A trustee is the designated manager of a trust, and in this capacity, holds title to all the assets of the trust. These assets may include real estate, a portfolio of stocks, bonds and similar instruments, a closely held business, coin and art collections or any number of assets.
A trustee can be an individual, a bank or a trust company. An estate may set up multiple trusts to create individual trusts for each beneficiary for instance. A trustee can manage more than one trust, and a trust may be co-managed by a number of trustees that may be individuals or corporations.
Duration of Trustee Assignment
Typically, when families set up their trust, family members who may also be beneficiaries may serve as trustees. Married couples are acting as co-trustees set up the succession so that if one is incapacitated or passes away, the surviving partner continues as trustee without further requirements. A successor trustee steps in as fiduciary when the surviving trustee is no longer able to manage the trust. A succession plan is usually in place with family members, corporations or a combination of both designated as trustees.
Some trusts may be set up for a defined duration, such as when beneficiaries are minors scheduled to receive the assets when they reach a certain age or meet grantor-defined conditions. For some trustees, the designation is a long-term commitment.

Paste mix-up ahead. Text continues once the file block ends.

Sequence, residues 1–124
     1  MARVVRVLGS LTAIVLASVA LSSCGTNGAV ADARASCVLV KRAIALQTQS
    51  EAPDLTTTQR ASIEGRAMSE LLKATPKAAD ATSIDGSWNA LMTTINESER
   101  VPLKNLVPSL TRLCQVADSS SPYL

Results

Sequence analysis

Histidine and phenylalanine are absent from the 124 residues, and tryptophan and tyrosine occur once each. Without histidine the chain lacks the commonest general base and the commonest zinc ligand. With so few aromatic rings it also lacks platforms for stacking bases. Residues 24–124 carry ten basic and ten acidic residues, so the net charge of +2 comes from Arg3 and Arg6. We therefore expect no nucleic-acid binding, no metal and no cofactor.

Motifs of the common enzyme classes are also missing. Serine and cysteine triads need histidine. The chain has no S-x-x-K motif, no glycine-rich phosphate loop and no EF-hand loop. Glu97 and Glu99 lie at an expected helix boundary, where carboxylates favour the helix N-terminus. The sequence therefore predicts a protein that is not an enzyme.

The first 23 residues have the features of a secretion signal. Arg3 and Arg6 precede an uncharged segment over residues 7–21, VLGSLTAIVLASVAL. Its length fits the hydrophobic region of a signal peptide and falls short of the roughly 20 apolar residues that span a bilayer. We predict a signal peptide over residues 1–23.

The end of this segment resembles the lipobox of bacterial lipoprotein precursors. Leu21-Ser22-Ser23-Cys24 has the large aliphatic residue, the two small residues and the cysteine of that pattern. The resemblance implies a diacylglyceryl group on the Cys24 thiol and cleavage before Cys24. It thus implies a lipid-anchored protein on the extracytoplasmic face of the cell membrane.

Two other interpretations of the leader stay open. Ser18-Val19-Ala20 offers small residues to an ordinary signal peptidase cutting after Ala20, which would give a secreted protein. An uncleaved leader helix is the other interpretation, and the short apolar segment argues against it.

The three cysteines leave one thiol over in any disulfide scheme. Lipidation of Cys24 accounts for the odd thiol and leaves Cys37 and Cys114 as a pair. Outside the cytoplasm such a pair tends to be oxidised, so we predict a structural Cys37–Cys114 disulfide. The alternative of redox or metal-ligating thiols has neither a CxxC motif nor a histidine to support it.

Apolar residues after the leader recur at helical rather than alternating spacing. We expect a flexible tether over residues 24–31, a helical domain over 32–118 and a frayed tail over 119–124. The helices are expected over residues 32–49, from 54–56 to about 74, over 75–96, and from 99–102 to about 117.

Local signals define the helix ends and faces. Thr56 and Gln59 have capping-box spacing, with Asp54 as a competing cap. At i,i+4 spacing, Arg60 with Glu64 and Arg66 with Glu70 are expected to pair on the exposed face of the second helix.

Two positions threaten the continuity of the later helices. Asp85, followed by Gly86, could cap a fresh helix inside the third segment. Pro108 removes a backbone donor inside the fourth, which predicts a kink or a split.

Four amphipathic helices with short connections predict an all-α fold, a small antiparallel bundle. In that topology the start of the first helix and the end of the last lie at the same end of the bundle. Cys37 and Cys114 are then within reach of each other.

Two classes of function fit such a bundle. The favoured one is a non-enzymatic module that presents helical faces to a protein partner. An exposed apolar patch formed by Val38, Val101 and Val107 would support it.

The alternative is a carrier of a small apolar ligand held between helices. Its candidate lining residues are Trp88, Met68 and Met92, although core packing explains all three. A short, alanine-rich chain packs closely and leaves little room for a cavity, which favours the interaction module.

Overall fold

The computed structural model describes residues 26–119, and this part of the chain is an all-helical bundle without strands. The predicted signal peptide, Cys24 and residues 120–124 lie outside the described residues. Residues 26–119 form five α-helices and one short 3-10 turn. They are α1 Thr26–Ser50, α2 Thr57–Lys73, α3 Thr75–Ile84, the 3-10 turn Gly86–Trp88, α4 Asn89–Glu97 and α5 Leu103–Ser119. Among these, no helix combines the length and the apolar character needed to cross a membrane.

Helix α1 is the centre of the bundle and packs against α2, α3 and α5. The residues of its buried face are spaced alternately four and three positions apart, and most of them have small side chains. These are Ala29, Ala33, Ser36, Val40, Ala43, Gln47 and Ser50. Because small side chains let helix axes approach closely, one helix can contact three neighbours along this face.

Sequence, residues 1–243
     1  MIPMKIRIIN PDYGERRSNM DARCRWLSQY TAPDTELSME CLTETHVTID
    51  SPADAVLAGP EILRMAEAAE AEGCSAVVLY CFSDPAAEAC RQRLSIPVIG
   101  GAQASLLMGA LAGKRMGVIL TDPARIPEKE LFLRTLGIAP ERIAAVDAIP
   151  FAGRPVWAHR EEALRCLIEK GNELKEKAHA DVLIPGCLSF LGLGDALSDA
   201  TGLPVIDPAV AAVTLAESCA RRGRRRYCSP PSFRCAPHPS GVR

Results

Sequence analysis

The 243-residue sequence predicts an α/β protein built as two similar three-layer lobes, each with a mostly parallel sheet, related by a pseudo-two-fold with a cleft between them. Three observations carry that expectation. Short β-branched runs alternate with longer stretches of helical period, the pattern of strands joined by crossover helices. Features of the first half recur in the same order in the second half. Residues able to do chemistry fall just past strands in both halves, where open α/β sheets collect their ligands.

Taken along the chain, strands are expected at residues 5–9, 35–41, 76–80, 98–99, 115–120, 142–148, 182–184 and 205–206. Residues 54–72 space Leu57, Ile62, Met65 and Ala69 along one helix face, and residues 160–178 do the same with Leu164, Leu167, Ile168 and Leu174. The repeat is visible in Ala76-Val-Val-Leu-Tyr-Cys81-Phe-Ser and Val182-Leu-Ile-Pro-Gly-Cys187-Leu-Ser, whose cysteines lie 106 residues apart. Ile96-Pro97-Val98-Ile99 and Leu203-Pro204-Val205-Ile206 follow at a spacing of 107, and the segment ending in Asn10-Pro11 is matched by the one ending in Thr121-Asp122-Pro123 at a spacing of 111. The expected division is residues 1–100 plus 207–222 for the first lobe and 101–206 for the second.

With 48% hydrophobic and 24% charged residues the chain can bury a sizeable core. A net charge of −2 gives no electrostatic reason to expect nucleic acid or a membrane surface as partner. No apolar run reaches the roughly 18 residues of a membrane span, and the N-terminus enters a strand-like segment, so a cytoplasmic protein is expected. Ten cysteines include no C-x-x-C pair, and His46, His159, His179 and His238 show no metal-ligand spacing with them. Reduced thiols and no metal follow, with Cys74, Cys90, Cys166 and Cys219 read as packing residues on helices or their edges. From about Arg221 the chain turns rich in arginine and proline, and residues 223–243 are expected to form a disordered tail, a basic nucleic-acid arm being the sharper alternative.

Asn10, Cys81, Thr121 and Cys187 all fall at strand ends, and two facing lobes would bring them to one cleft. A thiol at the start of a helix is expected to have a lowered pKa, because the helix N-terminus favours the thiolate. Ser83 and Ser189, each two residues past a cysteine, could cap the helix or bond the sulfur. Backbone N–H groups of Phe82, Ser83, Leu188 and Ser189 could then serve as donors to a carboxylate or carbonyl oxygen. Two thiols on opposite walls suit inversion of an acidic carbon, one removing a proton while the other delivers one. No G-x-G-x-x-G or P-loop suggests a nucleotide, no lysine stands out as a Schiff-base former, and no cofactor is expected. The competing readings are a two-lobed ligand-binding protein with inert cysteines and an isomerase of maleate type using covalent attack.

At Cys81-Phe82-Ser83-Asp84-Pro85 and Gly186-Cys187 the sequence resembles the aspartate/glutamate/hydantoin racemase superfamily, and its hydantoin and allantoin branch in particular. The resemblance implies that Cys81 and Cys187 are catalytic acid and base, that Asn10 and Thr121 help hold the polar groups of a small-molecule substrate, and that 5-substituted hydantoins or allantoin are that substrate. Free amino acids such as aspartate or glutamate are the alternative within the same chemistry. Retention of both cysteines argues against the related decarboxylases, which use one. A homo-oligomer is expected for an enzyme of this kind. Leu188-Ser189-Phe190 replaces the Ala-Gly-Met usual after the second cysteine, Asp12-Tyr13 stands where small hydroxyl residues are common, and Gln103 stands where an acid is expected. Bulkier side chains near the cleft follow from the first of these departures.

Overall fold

Responsibilities of a Trustee
Trusts are created for the benefit and protection of the grantees. The trustee is tasked with making investment decisions to preserve and grow the assets of the trust guided by instructions set forth in the trust documents. It is the duty of the trustee to abide by the conditions defined by the grantor concerning distribution to beneficiaries. As such, trustees are expected to remain neutral and refrain from favoring one beneficiary over another.
Trustees perform administrative tasks including bill payments, tax paperwork, and compliance with applicable regulations pertaining to the trust. Trustees must also inform beneficiaries about the status of the trust’s assets, investments, reinvestment strategies, and distributions while ensuring that private information is kept confidential. Trustees may be held responsible for losses incurred by the trust.
Role of the Estate Planning Attorney
Establishing a trust
, designating trustees and managing the trust can be a complicated business. An estate planning attorney
can help trustees navigate through the complex rules concerning trust management. Consult an attorney who specializes in estate planning to make sure that all the legal issues are covered.